I worked at Microsoft for well over 15 years; I left because the company was fundamentally not set up to grow people to taking on new levels of responsibility. One of the earlier comments stated that many of MS’s managers are not good business people. The fault, if true, is not with those people, but that Microsoft has not given those people the opportunity to take responsibility for their businesses.

Contemplating the "rank and yank" stack ranking system and how Ballmer indicated we move on 6.5% of Microsofties a year:

I am contiually baffled at the folks who believe that forced ranking is a necessary evil. WHY? Give me one good reason why it's necessary at all. Since when is it impossible to pick out the low performers without a ranking? This is a cop-out by people who are too lazy to set realistic goals by which to compare an employee's performance.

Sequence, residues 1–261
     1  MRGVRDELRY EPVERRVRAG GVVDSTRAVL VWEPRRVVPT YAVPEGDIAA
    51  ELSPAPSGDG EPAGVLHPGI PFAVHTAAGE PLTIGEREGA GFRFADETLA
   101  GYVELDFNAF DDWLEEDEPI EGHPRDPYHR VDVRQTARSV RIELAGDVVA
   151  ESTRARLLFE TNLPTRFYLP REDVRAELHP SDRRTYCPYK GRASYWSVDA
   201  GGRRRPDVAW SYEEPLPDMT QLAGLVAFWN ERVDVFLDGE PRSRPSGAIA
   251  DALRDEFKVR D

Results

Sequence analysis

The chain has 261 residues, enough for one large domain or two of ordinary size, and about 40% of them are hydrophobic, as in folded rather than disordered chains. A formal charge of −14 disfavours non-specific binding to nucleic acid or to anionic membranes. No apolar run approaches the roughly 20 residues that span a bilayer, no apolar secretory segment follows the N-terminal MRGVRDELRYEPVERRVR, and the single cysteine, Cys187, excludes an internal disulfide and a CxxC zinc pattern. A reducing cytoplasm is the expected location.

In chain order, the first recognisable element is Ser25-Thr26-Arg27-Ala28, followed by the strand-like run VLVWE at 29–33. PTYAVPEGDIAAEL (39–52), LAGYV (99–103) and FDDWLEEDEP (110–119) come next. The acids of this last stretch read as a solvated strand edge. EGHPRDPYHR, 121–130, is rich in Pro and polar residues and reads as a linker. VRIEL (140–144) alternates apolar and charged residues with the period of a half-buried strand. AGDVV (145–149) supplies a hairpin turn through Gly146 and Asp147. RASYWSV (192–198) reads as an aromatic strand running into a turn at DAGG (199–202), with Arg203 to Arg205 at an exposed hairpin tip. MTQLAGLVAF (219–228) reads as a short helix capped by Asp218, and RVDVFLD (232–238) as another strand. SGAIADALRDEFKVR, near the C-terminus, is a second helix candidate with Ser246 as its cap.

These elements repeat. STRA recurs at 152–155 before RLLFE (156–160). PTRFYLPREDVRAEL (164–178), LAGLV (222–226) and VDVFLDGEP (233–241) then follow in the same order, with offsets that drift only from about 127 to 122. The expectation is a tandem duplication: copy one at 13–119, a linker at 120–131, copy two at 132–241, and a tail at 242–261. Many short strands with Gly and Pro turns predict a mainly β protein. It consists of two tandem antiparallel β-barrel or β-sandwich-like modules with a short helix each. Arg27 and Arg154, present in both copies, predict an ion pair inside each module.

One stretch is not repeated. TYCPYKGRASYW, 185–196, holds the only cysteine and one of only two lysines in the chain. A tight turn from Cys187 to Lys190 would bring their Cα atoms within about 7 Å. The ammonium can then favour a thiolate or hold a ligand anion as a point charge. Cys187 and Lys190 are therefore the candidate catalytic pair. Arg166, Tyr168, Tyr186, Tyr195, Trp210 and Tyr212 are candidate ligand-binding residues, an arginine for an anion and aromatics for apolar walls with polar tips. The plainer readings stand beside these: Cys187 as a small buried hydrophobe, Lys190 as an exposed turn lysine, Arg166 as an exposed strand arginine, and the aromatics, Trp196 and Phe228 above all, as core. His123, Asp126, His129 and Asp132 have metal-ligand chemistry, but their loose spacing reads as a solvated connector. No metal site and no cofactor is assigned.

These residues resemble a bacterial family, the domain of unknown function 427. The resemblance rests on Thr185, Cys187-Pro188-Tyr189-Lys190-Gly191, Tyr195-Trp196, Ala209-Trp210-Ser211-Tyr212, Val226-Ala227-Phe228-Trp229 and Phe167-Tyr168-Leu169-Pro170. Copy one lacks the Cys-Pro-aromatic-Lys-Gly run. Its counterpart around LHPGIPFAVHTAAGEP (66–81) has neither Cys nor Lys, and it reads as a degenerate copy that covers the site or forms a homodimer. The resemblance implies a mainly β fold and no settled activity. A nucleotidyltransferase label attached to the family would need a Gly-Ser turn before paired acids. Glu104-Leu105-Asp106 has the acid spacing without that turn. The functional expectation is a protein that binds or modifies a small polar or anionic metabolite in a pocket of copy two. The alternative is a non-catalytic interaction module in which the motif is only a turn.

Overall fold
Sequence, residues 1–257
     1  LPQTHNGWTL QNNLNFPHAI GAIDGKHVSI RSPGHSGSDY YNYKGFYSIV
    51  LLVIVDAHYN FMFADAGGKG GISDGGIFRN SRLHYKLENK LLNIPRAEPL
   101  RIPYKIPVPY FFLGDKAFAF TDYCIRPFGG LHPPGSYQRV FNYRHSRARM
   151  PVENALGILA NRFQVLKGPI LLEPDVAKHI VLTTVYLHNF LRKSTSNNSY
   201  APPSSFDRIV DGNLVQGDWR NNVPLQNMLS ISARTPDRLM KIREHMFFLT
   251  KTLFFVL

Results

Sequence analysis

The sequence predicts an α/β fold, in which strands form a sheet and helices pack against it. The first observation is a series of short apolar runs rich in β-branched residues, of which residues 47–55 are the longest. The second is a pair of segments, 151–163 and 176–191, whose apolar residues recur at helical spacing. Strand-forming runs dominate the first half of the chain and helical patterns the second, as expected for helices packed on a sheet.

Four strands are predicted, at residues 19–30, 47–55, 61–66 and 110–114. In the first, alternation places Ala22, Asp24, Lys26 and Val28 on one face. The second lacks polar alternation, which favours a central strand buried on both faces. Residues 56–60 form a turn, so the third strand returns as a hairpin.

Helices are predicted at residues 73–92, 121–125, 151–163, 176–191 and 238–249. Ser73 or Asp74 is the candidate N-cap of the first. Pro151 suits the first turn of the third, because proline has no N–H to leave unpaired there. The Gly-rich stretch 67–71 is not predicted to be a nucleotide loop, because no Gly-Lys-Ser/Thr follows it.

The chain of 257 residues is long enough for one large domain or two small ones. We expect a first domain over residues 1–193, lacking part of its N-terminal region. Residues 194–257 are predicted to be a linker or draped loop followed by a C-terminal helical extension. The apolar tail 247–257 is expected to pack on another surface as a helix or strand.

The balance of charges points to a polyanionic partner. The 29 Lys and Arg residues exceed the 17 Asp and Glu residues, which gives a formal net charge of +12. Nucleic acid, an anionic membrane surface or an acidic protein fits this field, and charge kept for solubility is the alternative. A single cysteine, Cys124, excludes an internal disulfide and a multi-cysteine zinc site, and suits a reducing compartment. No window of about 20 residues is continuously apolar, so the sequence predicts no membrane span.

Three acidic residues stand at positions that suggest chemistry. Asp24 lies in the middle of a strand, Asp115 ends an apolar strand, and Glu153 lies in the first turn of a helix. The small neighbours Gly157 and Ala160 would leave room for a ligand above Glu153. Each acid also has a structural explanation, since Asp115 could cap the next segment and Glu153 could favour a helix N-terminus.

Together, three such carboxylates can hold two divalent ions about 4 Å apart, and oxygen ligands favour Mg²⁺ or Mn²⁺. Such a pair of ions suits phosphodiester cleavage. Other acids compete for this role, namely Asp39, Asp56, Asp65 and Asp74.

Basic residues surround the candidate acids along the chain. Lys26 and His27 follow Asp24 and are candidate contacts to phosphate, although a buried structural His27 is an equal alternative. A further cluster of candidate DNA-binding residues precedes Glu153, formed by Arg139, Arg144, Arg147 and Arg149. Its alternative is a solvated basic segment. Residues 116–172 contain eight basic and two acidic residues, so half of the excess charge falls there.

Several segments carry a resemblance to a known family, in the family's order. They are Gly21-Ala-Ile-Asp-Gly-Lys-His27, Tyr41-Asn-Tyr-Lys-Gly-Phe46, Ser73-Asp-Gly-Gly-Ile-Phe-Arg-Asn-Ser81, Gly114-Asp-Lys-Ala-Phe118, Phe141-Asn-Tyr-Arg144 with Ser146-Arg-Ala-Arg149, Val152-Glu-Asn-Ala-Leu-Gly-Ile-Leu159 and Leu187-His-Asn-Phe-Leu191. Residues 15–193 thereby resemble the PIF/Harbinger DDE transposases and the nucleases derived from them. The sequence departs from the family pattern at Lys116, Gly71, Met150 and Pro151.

In my 10 years at MSFT, I've seen exactly four employees terminated for performance reasons: Two got caught stealing. One did literally no work for over a year. One got managed into a no-win situation. A great contributor who I later hired into my group.


The 6.5% forced attrition number is total BS. It doesn't happen. I have the same experience as a previous poster - I can count the number of people I've seen fired for performance reasons on one hand.


I'm a manager of a small team I was put in charge of 2 months ago and I "inherited" an utterly useless person. Almost all of the candidates I give no-hire I would rather have than this one, but I have no chance in hell of firing her. Why? Unions, lawsuits, bullshit upon bullshit. She got a 3.0 this year (former manager), a 2.5 last year but former manager had no balls. So now I'm stuck with an employee who is worthless, taking up a headcount and I can only give her a motivating speak in my 1-1s if I don't want her to be downright destructive. My god, if only I could actually speak right out of the bag and fire this dead weight! I may sound tough, but this really pisses me off...

Have a few years of 6.5% reduction of workforce (not backfilled) would be great. Perhaps the reductions are happening outside of Redmond. How about giving us some visibility into our reductions?